As the background story begins to slowly unravel via a hideous family and dubious friends/acquaintances it all serves to abstain of blame for his situation. Slowly as we grasp an understanding of the character we warm to him, perhaps more than we expect. Several times pathos here is of the must subtle muster.

He is a strong man crumbling.

Before things can get better, they have to get worse and the arrival of Wendy Balsam (the Rosanna Arquette character) serves as a truly poignant and uncomfortable moment. This could easily have been a girl from my school called Becky. In the tiny moment that Layla says “she is so creepy and you are so nice” finally there is a small glimpse of positivity for Billy Brown.

From here it is a movie made of great moments that all build up to an astounding finale and explanation as to where things have been headed all the long. This is supposedly semi autobiographical but in what kind of negative fantasy land part of Gallo’s mind does it exist? Likewise with his little confessions and admissions, do they really work and not find the guy being laughed out of the room? This is Royal Trux reality.

I hate to admit it but the bedroom scene at the hour and a half mark is one similar to an incident of my own from late 2007, one that was always doomed to failure and lacked certain ingredients required to lead to this kind of love. This is not a movie to be taking cues from.

How much are the heart cookies?

Half John Cassavetes (the grime and look) and half David Lynch (Brown Snr singing and the bowling alley tap-dancing) with this ensemble Gallo truly outdid himself combining rising stars (Christina Ricci, Kevin Corrigan) with established legends (Ben Gazzara, Anjelica Huston) and getting rejuvenated performances out of has-beens (Mickey Rourke, Jan-Michael Vincent) that are serve to sprout an understated masterpiece.

This only occurs once in a lifetime, once in a career.

Sunday, 28 June 2009



Small manageable dreams.

Our hero is Ryan. He is bored in his office job. The movie begins with his girlfriend moving him out of his apartment. The role reversal does not end there. Fortunately his family wins the lottery and suddenly all worries and concerns seem dealt with. Unluckily then they do not win, his dad got the numbers wrong.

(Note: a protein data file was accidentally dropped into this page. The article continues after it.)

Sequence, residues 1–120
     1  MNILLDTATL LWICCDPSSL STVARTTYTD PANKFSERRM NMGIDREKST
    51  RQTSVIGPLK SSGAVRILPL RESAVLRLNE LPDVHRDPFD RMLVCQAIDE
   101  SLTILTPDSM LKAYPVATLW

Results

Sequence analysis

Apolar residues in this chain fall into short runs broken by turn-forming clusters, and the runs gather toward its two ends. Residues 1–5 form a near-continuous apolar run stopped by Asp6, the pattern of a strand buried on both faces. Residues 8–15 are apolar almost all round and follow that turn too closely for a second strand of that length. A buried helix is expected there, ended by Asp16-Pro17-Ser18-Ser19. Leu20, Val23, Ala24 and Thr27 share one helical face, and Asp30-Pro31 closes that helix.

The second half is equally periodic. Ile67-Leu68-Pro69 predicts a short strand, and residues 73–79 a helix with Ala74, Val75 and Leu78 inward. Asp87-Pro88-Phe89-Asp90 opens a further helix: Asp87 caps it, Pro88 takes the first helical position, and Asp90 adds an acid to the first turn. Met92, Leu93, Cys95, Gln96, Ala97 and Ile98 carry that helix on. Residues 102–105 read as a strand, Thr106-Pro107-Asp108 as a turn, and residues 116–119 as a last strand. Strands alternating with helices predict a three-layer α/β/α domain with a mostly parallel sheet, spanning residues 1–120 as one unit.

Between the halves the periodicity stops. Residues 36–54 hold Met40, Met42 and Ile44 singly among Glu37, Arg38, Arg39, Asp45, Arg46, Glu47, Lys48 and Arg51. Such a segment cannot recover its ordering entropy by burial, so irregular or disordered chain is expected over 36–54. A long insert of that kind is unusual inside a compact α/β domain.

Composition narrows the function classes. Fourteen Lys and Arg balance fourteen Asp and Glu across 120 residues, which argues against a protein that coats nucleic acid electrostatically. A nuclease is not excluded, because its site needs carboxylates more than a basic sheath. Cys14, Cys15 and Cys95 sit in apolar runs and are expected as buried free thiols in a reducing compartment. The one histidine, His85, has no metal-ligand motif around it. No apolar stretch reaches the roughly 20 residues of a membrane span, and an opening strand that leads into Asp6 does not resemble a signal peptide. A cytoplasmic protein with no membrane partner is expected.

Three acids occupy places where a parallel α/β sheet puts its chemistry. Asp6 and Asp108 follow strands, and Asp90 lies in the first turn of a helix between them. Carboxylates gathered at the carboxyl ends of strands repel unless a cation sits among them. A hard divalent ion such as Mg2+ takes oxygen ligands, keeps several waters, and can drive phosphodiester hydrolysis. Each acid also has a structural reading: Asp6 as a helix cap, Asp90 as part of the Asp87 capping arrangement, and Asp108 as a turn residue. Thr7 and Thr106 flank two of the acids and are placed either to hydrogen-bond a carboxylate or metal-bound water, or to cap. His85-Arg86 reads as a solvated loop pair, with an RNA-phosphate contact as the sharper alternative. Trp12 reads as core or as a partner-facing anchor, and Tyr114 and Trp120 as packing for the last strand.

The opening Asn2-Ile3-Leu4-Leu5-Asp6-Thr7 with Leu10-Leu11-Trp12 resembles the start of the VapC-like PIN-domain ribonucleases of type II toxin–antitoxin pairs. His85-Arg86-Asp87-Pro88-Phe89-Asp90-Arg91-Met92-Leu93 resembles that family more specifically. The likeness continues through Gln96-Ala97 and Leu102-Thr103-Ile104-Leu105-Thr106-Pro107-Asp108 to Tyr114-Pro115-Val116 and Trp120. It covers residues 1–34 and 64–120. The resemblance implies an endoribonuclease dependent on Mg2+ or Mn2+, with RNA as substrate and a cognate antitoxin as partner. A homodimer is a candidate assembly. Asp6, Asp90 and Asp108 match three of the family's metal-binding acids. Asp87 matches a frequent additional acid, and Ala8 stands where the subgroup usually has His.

Written by Douglas Coupland this is one of his typical circa: now tales of the modern nuclear family and its angst cum woe in dealing with the modern world. Ultimately these stories should be dull due to familiarity but as ever he brings a humour and quirkiness that is transferable to my/our own circumstances that serves to be enlightening and comforting all at the same time. I’m all right, you’re all right.

“What do you want to be when you grow up Wendy?”
“A Trophy wife.”

As ever the central figure is supposed to represent and be the viewer and as ever he, in this case Ryan, is expertly crafted and excellently executed as a tangible representation of our likely collective that is. In many ways it often feels as if Coupland is showing himself in his main characters.

“Its like one day you finally find a decent set of friends and then suddenly they all get exec jobs, get married, have kids and vanish and your life is like that old Science Fiction movie with Charlton Heston.”

Invariably it leads to various quirky adventures cum anecdotes as Ryan searches for a sense of freedom in the modern world only to experience various hiccups along the way such as falling for the wrong girl, wrestling with dishonour and having to deal with organised criminals.

Eventually it all comes to a stark conclusion and revelation through his work as he experiences achieving their supposed dreams, targets and goals but remaining unhappy. Our hero Ryan however remains on top of it all, which is handy because he is supposed to be the person we most associate and side with. As he goes forward seemingly becoming most informed we exit having learned a lesson (and a whole lot more besides).

A breezy movie for disillusioned people.

Sunday, 24 May 2009

SYNECDOCHE, NEW YORK (dir: Charlie Kaufman)

SYNECDOCHE, NEW YORK (dir: Charlie Kaufman)


This movie is madness. This movie is obsession. This movie could be my life, a story of scary thoughts, of social illness, of personal failure and hidden secrets being discovered and exposed.

This movie is life. In many ways its an update of the feature Death Of A Salesman, of confused existence and ultimate failure as goals are strived to be achieved but not really reached as life becomes bogged down in detail, baggage and painful memories that haunt an individual until they day. Life as rehearsal.

My friend described this movie in one word: depressing.

I am only 32 but I feel 33 verging on 34.

These are my Charlie Kaufman moments:
1) going to see Being John Malkovich at an Ipswich cinema with Matt from Gringo Records in the good times before we fell out. My days were dark at this time and without funds he paid for me to go see the movie with him. This was generosity that I didn’t appreciate and now I miss.
2) watching Adaptation on a flight home from California as my friendship with Matt from Gringo Records had come to an end of the back of an unpleasant two weeks with him and a female that came between us without anyone ever realising.
3) taking the Muslim sister to see Eternal Sunshine Of A Spotless Mind at a cinema in Colchester only for her to hate it, not seeing the depth a personal strength within the movie. The experience was summed up in her disclosure afterwards that her favourite movies were in actuality Terminator 2 and Predator.